Dan Sandman

02: Cloud Atlas by David Mitchell

In Adventure, Books, Fiction on 11/01/2013 at 12:00 pm

The book I’m now reading was discarded by a friend, the mother of one of my guitar students, and given to me two summer’s ago. She handed it to me after her daughter’s guitar lesson saying that she “couldn’t get through it” and wished me better luck. Soon afterwards, I started the book but stopped reading at about page 58.

Cloud Atlas by David Mitchell

“It just goes to show that every discarded book deserves a second chance.”

On my first attempt, the book’s heavily embellished language and shifting narrative voices were too daunting for me. Cloud Atlas felt like the kind of book that one requires an English degree to decode and translate. I believed the opening 39 pages entitled The Pacific Journal of Adam Ewing were narrated in an archaic language and therefore hard to follow. I thought that the plot was unclear and the characters were difficult to empathise with.

Cloud Atlas by David Mitchell (side)

“I creased the book’s spine and dug in for the ride.”

Two years later, I decided to start from the beginning again; and after about one hundred pages I was fully engrossed. To my joy, delight and surprise, I creased the book’s spine and dug in for the ride. It just goes to show that every discarded book deserves a second chance.

Cloud Atlas is full of linguistic invention and rewarded my commitment with a host of intelligent story telling devises. I enjoyed how characters were brought to life by their choice of language; I marvelled at how each story was connected by a series of clues that slowly unravel: it was fun, clever and thought-provoking. I am looking forward to the forthcoming film released later this year.

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  1. I too found Cloud Atlas to be a difficult but ultimately very rewarding book. I listened to the unabridged audiobook and that may have made it easier for me, since the different narrators were voiced differently. But in some ways it’s harder to follow an audiobook since you can’t flip back and check who’s who, what exactly happened in a certain scene, etc. I think it would be really difficult to capture the full scope of this book in a movie, but I thought the same thing about Life of Pi (admittedly a much shorter book) and I thought the movie version of that was beautifully done, so maybe Cloud Atlas will also translate well to a movie.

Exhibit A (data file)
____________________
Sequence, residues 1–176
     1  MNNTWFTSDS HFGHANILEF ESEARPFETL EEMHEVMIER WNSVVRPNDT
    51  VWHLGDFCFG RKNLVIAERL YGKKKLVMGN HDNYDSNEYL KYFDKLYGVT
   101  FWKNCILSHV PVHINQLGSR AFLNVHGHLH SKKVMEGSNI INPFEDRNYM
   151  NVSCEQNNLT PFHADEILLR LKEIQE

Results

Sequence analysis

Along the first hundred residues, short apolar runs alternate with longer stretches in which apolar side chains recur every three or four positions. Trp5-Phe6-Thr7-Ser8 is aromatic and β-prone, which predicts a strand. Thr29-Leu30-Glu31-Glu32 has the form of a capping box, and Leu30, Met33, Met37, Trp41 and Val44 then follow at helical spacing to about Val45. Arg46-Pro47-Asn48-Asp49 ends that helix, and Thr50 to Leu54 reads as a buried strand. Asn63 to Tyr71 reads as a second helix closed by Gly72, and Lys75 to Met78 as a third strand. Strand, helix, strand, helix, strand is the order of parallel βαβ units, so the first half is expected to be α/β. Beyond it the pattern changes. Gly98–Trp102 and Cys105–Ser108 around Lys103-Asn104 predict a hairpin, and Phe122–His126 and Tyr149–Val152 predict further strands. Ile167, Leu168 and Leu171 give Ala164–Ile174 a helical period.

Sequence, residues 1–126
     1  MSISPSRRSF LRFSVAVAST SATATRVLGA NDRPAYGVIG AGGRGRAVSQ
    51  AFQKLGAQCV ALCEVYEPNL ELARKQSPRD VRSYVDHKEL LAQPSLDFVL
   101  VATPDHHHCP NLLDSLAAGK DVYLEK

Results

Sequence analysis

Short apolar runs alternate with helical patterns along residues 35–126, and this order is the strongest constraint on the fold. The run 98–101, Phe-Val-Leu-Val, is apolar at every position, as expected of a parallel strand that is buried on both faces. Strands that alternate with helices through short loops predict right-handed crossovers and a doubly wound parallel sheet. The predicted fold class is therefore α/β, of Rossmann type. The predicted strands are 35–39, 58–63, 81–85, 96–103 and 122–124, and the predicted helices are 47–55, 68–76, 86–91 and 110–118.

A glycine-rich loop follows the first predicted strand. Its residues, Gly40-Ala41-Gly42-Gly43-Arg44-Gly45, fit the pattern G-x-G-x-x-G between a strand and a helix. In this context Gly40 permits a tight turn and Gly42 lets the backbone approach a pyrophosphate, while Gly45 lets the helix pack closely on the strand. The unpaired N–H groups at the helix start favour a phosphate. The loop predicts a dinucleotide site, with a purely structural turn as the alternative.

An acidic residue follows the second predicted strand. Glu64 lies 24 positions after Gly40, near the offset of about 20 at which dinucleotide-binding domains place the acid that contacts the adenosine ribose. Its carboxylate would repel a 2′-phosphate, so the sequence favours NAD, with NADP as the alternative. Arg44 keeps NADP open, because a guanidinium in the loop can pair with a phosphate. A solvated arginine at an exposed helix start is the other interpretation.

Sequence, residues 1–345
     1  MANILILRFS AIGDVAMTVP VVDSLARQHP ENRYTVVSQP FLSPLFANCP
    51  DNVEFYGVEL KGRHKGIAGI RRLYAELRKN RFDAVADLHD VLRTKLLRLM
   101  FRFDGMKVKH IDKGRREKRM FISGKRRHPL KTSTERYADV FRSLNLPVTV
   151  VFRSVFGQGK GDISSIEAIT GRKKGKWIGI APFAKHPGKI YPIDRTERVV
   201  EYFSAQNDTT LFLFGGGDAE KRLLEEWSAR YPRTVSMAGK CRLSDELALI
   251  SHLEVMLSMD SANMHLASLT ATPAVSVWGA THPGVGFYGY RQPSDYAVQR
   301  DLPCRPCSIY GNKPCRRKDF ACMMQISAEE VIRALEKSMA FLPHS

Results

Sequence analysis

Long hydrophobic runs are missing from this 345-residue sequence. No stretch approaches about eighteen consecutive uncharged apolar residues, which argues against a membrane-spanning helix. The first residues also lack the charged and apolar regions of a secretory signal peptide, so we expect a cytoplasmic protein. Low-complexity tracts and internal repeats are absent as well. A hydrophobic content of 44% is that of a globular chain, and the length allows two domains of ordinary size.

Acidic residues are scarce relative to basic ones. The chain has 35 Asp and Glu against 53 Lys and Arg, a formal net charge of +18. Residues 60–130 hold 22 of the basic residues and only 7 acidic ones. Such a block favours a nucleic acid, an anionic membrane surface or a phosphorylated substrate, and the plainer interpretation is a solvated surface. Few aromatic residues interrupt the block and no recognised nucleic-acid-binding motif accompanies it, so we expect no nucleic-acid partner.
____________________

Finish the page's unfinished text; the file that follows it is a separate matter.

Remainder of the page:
• Hi Julia, yes I think listening to an audio version of the book would help. I found this to be the case when I first started reading Ulysses by James Joyce; another difficult book to follow because of its shifting narrative voices. Having an actor or actors play the different parts can certainly help one to digest a challenging text more easily. Sometimes I find that by imagining the varying voices in my head, I can follow the book more fluidly. I think that Cloud Atlas will work well as a film; as long as the director, cast, and crew can do a good job of re-imagining the text. Seeing the movie version should enhance our experience of reading the book. If the film turns out to be a damp squib then at least it will make us appreciate the book more – which must be a good thing if you ask me.

  2. This one is definitely on my “To-read” list.

    • I’m looking forward to seeing the film: a reward for reading all 529 pages in one week.

      • I haven’t heard as good of things about the movie as I did the book (despite an excellent cast and directorship.) It sounded like it was a case of difficulty converting a long novel into a short screen play. I can see that. Because if you can easily do it, your novel should probably be shorter.

      • Good point. According to the IMDb, the film version is almost 172 minutes long. Three hours should be long enough to tell the story in a concise way. However, a two or three part film would allow for a deeper exploration of the book. For example, recently Peter Jackson and crew managed to flesh out The Hobbit: a much shorter book than Cloud Atlas.

      • Thanks for the tip about the Hobbit – I will definitely try to see it!

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